After stretching the truth on a deal with a spiritual guru, literary agent Jack McCall finds a Bodhi tree on his property. Its appearance holds a valuable lesson on the consequences of every word we speak.
Professor Sherman Klump is getting married. And the Klump family could not be more delighted for him. But Buddy Love, his Mr. Hyde alter-ego from the first film, is back and trying to make ... See full summary »
Cook tells the story of a unique friendship that develops when a little girl and her dying mother inherit a cook - Mr. Church. What begins as an arrangement that should only last six months, instead spans fifteen years.
Jack McCall, played by Eddie Murphy, finds an unusual tree in his yard after an encounter with a spiritual guru. After discovering that with each word he speaks, a leaf drops off of the tree, Jack refuses to speak at all, as doing so will keep the tree, and him, alive. However, his work, marriage, and friendships are all affected by his choice. Can Jack figure out an alternative method of survival? Or will he simply have to live the rest of his life to the fullest? Written by
Famous French actor/director Alain Chabat serves as a producer as well as making an appearance as the French Businessman. Chabat dubbed Shrek's voice in French, and in this movie he shares screen time with Donkey's original voice actor (Eddie Murphy himself of course). Later on, Murphy holds a doll with the likeness of Austin Powers, who is played by Shrek's English voice Mike Myers. See more »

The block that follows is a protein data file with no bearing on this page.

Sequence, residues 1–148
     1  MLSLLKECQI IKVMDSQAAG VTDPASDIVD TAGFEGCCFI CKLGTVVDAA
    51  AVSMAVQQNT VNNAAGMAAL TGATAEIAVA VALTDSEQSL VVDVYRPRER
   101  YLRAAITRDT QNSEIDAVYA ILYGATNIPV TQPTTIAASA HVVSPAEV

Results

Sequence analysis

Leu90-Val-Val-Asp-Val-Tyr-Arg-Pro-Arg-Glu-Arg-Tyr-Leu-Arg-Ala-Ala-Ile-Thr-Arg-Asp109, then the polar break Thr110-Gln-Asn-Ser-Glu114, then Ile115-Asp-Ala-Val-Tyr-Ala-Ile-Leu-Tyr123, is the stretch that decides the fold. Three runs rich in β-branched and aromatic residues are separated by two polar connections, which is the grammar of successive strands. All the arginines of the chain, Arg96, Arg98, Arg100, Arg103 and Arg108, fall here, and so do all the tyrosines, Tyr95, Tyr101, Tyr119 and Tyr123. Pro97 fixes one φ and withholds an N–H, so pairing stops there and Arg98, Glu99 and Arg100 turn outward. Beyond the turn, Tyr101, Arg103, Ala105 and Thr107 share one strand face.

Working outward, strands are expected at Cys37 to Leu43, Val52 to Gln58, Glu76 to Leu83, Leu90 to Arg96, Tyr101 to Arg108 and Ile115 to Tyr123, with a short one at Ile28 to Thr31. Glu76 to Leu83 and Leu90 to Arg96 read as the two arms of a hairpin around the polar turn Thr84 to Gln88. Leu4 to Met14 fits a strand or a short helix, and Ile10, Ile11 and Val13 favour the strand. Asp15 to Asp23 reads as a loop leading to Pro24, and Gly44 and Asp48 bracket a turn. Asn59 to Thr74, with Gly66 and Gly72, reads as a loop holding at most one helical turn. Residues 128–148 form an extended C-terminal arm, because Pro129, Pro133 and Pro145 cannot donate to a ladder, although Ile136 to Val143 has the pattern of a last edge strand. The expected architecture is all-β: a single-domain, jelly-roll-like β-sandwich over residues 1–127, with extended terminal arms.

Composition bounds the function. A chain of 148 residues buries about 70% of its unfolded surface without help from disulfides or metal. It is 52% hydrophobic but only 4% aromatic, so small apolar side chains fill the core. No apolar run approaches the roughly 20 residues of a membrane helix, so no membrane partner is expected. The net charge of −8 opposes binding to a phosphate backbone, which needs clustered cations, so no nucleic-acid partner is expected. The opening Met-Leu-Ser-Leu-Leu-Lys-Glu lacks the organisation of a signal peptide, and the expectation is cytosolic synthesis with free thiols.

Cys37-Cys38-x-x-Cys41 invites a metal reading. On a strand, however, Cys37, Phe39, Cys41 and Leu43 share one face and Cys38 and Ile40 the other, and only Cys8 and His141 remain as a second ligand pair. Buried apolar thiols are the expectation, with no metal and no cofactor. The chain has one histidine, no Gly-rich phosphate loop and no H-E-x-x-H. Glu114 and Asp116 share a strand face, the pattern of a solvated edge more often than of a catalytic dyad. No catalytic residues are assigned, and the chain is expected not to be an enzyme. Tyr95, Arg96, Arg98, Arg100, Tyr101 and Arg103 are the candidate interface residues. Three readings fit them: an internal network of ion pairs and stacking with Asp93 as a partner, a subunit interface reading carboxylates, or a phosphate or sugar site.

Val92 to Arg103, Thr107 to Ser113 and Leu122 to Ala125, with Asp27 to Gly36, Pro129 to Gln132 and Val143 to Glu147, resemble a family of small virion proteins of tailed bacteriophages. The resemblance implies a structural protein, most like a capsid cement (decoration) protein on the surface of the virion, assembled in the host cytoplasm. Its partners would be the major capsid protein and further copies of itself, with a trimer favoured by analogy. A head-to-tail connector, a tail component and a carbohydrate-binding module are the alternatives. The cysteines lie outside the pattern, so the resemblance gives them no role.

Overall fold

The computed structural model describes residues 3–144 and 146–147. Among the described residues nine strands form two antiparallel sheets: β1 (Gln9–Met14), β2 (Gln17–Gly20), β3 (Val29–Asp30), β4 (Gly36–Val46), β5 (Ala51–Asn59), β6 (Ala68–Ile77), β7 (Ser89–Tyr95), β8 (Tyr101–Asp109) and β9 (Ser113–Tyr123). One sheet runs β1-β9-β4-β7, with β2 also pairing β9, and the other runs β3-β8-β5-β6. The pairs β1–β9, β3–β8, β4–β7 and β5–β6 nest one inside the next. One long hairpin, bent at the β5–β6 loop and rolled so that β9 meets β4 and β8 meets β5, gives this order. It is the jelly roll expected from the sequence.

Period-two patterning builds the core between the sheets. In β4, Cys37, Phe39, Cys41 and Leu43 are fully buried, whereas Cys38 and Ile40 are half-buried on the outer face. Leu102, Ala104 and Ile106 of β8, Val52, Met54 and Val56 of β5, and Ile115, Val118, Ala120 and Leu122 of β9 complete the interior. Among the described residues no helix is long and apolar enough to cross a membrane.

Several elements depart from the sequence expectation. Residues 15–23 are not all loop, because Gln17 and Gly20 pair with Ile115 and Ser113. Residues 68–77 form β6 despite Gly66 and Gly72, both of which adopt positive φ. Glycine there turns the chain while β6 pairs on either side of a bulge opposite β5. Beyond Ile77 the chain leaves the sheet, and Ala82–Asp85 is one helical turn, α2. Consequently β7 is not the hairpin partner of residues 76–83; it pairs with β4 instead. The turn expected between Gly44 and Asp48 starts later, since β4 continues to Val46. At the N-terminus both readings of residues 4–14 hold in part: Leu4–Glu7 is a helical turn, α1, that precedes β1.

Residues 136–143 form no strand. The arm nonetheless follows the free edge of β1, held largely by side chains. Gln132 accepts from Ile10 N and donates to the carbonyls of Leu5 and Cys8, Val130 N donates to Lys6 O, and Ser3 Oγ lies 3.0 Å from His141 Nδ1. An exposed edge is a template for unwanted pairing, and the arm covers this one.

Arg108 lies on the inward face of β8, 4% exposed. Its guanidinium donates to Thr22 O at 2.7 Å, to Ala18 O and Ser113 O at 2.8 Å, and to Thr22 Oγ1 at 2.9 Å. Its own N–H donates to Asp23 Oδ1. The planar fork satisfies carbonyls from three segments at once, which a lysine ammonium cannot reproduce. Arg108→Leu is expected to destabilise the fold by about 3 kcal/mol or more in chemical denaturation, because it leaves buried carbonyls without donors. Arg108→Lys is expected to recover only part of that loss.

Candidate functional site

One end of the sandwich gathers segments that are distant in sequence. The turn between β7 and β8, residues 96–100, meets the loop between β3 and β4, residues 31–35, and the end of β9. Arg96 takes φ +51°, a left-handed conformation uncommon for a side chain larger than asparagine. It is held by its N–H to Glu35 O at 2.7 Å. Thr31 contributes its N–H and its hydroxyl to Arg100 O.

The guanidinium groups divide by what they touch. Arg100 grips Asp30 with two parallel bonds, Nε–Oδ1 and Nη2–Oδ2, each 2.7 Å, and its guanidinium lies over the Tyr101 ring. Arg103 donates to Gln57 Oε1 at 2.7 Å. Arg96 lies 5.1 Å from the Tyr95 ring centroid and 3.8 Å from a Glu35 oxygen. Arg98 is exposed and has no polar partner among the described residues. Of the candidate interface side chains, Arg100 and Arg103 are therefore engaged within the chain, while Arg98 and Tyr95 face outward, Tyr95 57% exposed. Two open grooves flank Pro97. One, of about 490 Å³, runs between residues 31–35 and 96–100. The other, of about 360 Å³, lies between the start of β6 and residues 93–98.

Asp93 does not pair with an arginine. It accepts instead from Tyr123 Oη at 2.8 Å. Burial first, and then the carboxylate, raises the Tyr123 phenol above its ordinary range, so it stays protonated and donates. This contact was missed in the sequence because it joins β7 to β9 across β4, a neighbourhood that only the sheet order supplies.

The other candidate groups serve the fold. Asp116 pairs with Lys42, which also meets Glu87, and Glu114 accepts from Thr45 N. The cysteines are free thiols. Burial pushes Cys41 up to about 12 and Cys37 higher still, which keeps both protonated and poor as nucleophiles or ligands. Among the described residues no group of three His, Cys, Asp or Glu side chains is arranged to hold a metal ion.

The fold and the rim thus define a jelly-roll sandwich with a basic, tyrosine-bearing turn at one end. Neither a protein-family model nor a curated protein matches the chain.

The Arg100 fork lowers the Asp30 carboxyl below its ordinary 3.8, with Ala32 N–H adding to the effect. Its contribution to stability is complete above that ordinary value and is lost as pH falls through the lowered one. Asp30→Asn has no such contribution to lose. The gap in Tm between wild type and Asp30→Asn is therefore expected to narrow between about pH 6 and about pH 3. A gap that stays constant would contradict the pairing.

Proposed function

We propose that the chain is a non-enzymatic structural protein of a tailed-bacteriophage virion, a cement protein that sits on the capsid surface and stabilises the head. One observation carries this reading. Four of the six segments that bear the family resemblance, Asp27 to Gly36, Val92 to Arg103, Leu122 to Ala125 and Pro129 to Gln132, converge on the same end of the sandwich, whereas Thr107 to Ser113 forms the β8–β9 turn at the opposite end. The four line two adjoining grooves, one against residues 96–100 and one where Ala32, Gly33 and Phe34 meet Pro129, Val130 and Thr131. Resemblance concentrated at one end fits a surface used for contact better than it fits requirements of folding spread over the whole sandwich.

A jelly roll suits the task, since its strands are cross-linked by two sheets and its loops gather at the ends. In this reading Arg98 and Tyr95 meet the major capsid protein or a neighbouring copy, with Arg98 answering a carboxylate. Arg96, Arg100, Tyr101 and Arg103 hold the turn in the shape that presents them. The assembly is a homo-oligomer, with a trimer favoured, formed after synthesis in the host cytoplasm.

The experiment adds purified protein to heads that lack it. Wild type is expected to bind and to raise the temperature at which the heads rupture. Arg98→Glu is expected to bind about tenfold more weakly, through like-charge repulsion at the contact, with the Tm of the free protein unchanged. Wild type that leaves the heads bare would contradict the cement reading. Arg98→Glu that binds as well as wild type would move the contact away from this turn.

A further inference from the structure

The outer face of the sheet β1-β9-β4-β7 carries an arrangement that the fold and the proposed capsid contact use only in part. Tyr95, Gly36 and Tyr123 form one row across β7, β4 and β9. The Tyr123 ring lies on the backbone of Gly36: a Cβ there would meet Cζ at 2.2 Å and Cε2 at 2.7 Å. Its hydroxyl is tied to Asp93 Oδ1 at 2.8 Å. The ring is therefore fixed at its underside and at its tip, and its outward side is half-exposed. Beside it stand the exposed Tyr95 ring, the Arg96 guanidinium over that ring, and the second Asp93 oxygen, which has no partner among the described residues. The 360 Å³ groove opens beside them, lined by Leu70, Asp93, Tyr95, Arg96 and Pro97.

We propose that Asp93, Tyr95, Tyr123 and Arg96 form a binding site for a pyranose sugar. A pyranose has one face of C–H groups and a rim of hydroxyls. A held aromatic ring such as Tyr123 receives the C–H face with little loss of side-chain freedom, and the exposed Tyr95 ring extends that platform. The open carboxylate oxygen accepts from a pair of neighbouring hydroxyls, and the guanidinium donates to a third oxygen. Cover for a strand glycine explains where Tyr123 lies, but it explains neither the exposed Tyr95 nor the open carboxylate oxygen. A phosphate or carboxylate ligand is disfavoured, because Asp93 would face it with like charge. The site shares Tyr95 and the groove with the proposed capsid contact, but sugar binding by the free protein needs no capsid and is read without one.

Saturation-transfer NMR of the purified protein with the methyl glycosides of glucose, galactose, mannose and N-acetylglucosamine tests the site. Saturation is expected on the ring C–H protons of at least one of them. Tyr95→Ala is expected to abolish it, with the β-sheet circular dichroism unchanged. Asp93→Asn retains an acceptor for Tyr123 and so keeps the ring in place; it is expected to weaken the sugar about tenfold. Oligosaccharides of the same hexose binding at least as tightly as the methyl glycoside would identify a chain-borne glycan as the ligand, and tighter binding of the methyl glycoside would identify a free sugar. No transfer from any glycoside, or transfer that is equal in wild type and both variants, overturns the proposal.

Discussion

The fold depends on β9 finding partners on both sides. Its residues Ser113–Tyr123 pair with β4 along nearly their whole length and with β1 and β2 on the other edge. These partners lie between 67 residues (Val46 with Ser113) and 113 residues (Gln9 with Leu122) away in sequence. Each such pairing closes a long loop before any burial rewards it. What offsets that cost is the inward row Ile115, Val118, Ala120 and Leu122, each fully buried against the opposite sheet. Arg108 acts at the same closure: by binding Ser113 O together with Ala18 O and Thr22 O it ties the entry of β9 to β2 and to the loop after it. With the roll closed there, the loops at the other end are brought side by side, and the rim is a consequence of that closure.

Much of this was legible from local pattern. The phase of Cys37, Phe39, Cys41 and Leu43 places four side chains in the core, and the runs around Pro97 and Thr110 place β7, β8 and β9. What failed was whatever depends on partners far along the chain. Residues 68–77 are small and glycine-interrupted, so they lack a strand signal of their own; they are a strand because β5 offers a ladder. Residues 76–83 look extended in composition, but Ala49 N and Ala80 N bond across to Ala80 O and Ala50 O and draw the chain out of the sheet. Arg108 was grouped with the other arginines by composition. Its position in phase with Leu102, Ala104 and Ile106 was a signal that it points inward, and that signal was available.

(at around 53 mins) After Jack gets in the elevator with a semi-naked man, a black town car drives off. A boom mic and crew member are reflected in the car's right rear quarter panel. See more »
My name is Jack McCall. If you can hear me, what you're listening to is not the sound of my voice. It's the sound of my inner voice, the one inside my head. I'd like to talk to you, but I can't. Because if I say just one more sentence out loud... I'll die.
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The writer of Click and Jack & Jill teams up with the director of Eddie Murphy's previous films, Norbit and Meet Dave team up to foist this mess of a film that sat unreleased for years (seldom a good sign) upon an unsuspecting public.
Eddie Murphy stars as a man who only has 1,000 words he can say before he passes on thanks to New Age nonsense. Taking Murphy's acting jobs for the past few decades into account this seems to be 9 hundred and ninety-nine words away from an optimal movie, but I digress. The jokes are non-existent, the drama sappy, and the movie utterly predictable, formulaic and boring.
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